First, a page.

If we did the same here we’d do it in car only, and stay in homes/motels/cabins etc. Maybe try it that way first before you go to the expense of buying a camping vehicle.

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    My wife was apprehensive about it..After our second 3 months trip .She is totally hooked..

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    I tried caravan parks but I don’t like staying in them as I have found them too crowded and too noisy.
    On my travels around Australia, I camp out in many of our wonderful National Parks and reserves and occasionally mix it up with stays in AirBNBs. For me, there’s nothing better than getting away from it all in a remote area around the campfire stargazing at a multi-billion light show. As an added bonus, most campsites are free!
    I can’t wait for domestic travel restrictions to be eased.

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    We like staying in motels, some times 3 days at a time if we like the surroundings. Looking at $125 a day for accommodation. Most of the time it is a bit cheaper but then you might hit a place where you need slightly more. Talked to people in vans, the fully equipped ones cost a fortune but folks tell me they can stay out in the open without paying park fees where in the simple vans you need access to power and shower/toilet ablution blocks involving site fees, no longer that cheap either.

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    Spent 10 years doing that for work, so getting paid to travel around and sight see. Stayed in motels and the odd hotel in cities, absolutely loved it. Over 750 different establishments, many of them numerous times, just need to be prepared for the constant unpacking/packing each day or maybe every few days.

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    One advantage of using a caravan or motorhome to travel around OZ is that they generally hold their value reasonably well and you should get a fair bit of your investment back when you decide that you have seen enough of the country. Staying on a site in a caravan park or at a free campsite is much cheaper than a motel room or cabin and the standard of the rooms in terms of comfort, cleanliness, cooking utensils supplied, etc. can vary greatly.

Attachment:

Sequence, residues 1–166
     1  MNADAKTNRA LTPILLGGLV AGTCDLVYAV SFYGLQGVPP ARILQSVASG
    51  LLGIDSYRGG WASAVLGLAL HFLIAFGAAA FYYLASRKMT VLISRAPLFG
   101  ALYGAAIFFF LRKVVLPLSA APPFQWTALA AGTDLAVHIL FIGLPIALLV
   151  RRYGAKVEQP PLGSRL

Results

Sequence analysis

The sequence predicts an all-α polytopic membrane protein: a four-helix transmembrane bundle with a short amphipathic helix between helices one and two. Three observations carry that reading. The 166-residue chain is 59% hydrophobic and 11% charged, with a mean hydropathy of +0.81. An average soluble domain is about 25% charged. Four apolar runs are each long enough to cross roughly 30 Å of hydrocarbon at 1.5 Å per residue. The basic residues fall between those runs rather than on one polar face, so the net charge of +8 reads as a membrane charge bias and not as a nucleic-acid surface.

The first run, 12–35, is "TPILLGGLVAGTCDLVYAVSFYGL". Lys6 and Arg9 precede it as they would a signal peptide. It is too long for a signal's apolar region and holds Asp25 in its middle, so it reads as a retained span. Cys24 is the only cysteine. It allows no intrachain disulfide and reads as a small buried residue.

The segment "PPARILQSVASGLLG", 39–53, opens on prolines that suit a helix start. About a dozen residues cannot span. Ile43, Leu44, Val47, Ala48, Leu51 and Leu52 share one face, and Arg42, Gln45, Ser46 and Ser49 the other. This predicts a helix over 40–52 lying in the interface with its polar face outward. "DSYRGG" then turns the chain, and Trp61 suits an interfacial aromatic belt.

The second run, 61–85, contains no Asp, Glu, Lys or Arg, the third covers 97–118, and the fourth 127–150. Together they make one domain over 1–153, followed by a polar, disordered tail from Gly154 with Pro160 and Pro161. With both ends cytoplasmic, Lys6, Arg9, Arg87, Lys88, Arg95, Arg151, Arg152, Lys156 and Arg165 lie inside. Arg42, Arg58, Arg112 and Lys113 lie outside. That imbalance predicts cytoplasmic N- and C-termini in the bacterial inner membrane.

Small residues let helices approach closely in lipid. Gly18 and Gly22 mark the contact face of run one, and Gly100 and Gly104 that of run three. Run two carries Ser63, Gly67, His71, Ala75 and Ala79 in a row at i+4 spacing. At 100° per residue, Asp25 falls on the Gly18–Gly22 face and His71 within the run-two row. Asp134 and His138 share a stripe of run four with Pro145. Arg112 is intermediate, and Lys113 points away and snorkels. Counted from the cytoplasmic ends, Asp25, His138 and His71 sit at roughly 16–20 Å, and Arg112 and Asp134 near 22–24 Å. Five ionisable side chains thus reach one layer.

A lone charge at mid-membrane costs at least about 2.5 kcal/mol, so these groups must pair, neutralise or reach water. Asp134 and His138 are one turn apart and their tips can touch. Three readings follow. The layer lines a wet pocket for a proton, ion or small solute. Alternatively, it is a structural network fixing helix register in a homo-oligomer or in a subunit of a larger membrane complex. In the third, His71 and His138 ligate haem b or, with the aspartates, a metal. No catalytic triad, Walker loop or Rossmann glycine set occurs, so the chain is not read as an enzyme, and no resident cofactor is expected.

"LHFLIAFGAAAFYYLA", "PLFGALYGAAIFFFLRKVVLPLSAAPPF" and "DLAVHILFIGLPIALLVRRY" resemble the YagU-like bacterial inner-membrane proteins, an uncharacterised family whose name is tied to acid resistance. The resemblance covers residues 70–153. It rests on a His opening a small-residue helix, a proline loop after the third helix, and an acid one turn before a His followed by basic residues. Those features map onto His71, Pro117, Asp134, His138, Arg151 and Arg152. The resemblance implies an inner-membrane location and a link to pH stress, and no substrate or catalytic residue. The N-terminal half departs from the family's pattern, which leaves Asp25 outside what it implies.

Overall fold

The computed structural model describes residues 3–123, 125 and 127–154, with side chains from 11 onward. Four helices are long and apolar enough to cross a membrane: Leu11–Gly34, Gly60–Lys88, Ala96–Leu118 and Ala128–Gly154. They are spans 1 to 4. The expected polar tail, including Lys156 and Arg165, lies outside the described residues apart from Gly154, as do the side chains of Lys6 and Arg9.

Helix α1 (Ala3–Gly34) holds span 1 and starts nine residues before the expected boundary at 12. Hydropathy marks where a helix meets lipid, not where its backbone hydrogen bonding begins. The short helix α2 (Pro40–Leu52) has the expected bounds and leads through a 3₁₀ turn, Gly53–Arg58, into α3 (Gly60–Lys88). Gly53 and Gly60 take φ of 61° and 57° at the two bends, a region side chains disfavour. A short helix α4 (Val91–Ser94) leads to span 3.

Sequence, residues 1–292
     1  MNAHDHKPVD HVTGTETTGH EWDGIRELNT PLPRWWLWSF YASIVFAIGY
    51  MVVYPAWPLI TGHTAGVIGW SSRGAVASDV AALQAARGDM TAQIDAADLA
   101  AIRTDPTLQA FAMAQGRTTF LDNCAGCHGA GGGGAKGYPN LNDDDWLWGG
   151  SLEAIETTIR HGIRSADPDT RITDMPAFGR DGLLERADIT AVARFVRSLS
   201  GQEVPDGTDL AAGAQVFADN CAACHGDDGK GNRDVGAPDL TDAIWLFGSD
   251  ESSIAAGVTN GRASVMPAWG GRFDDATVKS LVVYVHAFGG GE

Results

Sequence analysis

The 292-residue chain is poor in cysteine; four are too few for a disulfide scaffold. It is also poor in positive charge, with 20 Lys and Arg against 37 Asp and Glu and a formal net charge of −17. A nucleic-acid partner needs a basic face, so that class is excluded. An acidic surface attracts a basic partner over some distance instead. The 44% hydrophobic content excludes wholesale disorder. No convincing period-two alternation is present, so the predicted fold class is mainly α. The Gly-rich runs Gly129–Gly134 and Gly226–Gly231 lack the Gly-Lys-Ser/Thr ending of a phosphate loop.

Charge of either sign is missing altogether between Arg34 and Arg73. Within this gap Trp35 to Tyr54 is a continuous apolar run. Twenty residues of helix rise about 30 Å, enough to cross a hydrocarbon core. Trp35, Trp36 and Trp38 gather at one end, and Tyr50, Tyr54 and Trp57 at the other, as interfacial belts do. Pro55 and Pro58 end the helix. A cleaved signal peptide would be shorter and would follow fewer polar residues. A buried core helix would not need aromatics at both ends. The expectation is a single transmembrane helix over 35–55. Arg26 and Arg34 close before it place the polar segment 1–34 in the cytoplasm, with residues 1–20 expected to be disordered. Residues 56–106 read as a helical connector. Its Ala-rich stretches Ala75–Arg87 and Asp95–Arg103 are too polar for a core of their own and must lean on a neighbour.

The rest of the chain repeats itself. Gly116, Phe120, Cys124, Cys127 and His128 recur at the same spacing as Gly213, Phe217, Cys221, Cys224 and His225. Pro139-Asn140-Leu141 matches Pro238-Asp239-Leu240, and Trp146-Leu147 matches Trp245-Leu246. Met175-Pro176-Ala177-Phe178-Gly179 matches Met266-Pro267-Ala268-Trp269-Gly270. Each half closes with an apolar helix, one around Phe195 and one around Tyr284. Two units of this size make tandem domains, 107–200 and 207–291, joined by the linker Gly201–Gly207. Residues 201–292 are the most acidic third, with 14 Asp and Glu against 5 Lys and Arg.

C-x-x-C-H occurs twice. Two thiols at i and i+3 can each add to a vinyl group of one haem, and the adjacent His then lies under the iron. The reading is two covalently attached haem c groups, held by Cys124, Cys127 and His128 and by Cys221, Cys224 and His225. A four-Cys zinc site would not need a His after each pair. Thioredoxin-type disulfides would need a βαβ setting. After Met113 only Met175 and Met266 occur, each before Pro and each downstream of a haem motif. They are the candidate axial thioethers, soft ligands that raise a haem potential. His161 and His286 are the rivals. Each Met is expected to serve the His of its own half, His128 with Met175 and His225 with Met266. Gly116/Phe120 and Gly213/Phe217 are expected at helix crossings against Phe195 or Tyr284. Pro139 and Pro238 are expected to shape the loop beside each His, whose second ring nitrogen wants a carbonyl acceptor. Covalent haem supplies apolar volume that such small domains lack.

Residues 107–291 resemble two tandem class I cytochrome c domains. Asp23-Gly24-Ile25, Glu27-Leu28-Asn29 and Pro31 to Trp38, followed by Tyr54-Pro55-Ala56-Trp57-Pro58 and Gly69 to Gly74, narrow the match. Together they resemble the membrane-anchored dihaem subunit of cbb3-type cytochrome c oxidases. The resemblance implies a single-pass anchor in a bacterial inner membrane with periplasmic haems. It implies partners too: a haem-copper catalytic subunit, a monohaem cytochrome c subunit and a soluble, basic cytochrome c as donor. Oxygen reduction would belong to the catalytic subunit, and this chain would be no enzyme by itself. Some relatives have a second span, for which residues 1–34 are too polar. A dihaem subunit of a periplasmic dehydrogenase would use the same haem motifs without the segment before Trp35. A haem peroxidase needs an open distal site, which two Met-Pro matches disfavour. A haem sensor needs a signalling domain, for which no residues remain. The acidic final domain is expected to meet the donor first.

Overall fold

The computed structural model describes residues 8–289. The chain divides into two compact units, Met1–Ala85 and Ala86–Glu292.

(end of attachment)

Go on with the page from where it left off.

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    Might end up being too crowded on the roads if they open up domestic travel before getting people back to work. But will be great for the economy, if demand for bookings are high they might jack up the price of accommodation because people cannot travel overseas.

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    Don’t forget to download a few essential travel apps to your mobile phone, iPad, or tablet before you head off. The first one is “Emergency Plus” which is published by the Australian emergency services – it’s a must have as it provides your Latitude and longitude and your location address which you’ll need if you have to phone the ambulance or police while you’re travelling and don’t know your exact address to give the phone operator. The next one if driving is Fuel Map Australia which tells you where to find petrol stations and the current price of fuel. So that you don’t spend your money at expensive places on the highway but can go to a back street and get it cheaper. My third recommendation is the NRMA app if you’re a member so that you can get your 5 cents a litre discount in NSW. Other states have other apps but I don’t know their names. The fourth app I use is WikiCamps which highlights places to stay and sights to see along the way. If you’re camping and need to buy bottle gas or to get your gas bottle refilled then GasFinder is also helpful. TripAdvisor is great for looking up things to see in the area or day trips you can take while on the road. My last recommendation is Maps.me but don’t forget to download the Australian maps over wifi before you head off. As the maps are on your phone you don’t have to use mobile data all the time and it will be available between towns when you may not have mobile reception.

    These are just a few of the essential apps that I don’t leave home without. You may find others better than these but this is a good place to start and can also help you plan your trip before you go and also along the way.

    Also, if you do have an emergency along the way and don’t have phone reception for calling 000 try 112 which is the international emergency number. It goes to the same call centre but can sometimes work when 000 doesn’t, or so I’ve been told. I’ve never had to use it.